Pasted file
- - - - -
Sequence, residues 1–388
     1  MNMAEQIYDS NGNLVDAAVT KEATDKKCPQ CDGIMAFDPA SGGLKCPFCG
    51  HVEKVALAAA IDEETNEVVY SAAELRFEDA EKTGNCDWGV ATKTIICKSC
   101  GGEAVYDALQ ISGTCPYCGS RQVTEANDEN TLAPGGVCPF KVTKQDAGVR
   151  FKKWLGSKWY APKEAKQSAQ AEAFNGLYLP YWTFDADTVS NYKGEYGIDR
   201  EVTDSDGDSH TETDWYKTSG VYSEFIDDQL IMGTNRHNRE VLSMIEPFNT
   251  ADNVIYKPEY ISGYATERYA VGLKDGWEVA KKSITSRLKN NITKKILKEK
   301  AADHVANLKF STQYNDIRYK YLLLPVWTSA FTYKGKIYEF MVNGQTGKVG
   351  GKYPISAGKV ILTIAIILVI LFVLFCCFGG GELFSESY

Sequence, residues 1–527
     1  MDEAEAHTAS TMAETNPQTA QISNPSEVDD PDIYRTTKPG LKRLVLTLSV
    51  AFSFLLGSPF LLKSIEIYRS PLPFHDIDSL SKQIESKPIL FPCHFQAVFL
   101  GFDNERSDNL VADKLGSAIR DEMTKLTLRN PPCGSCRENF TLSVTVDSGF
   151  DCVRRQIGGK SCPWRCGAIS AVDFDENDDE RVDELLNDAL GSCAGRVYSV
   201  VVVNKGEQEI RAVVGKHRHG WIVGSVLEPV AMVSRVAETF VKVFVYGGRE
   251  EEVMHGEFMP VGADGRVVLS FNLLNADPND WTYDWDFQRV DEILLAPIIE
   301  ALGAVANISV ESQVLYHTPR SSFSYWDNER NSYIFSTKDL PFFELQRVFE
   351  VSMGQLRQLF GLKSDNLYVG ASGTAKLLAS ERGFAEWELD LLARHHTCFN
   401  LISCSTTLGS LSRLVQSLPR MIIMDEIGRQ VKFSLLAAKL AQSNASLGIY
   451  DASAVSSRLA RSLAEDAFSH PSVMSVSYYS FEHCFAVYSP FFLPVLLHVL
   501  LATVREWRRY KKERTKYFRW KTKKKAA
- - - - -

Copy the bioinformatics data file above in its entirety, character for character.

Sequence, residues 1–388
     1  MNMAEQIYDS NGNLVDAAVT KEATDKKCPQ CDGIMAFDPA SGGLKCPFCG
    51  HVEKVALAAA IDEETNEVVY SAAELRFEDA EKTGNCDWGV ATKTIICKSC
   101  GGEAVYDALQ ISGTCPYCGS RQVTEANDEN TLAPGGVCPF KVTKQDAGVR
   151  FKKWLGSKWY APKEAKQSAQ AEAFNGLYLP YWTFDADTVS NYKGEYGIDR
   201  EVTDSDGDSH TETDWYKTSG VYSEFIDDQL IMGTNRHNRE VLSMIEPFNT
   251  ADNVIYKPEY ISGYATERYA VGLKDGWEVA KKSITSRLKN NITKKILKEK
   301  AADHVANLKF STQYNDIRYK YLLLPVWTSA FTYKGKIYEF MVNGQTGKVG
   351  GKYPISAGKV ILTIAIILVI LFVLFCCFGG GELFSESY

Sequence, residues 1–527
     1  MDEAEAHTAS TMAETNPQTA QISNPSEVDD PDIYRTTKPG LKRLVLTLSV
    51  AFSFLLGSPF LLKSIEIYRS PLPFHDIDSL SKQIESKPIL FPCHFQAVFL
   101  GFDNERSDNL VADKLGSAIR DEMTKLTLRN PPCGSCRENF TLSVTVDSGF
   151  DCVRRQIGGK SCPWRCGAIS AVDFDENDDE RVDELLNDAL GSCAGRVYSV
   201  VVVNKGEQEI RAVVGKHRHG WIVGSVLEPV AMVSRVAETF VKVFVYGGRE
   251  EEVMHGEFMP VGADGRVVLS FNLLNADPND WTYDWDFQRV DEILLAPIIE
   301  ALGAVANISV ESQVLYHTPR SSFSYWDNER NSYIFSTKDL PFFELQRVFE
   351  VSMGQLRQLF GLKSDNLYVG ASGTAKLLAS ERGFAEWELD LLARHHTCFN
   401  LISCSTTLGS LSRLVQSLPR MIIMDEIGRQ VKFSLLAAKL AQSNASLGIY
   451  DASAVSSRLA RSLAEDAFSH PSVMSVSYYS FEHCFAVYSP FFLPVLLHVL
   501  LATVREWRRY KKERTKYFRW KTKKKAA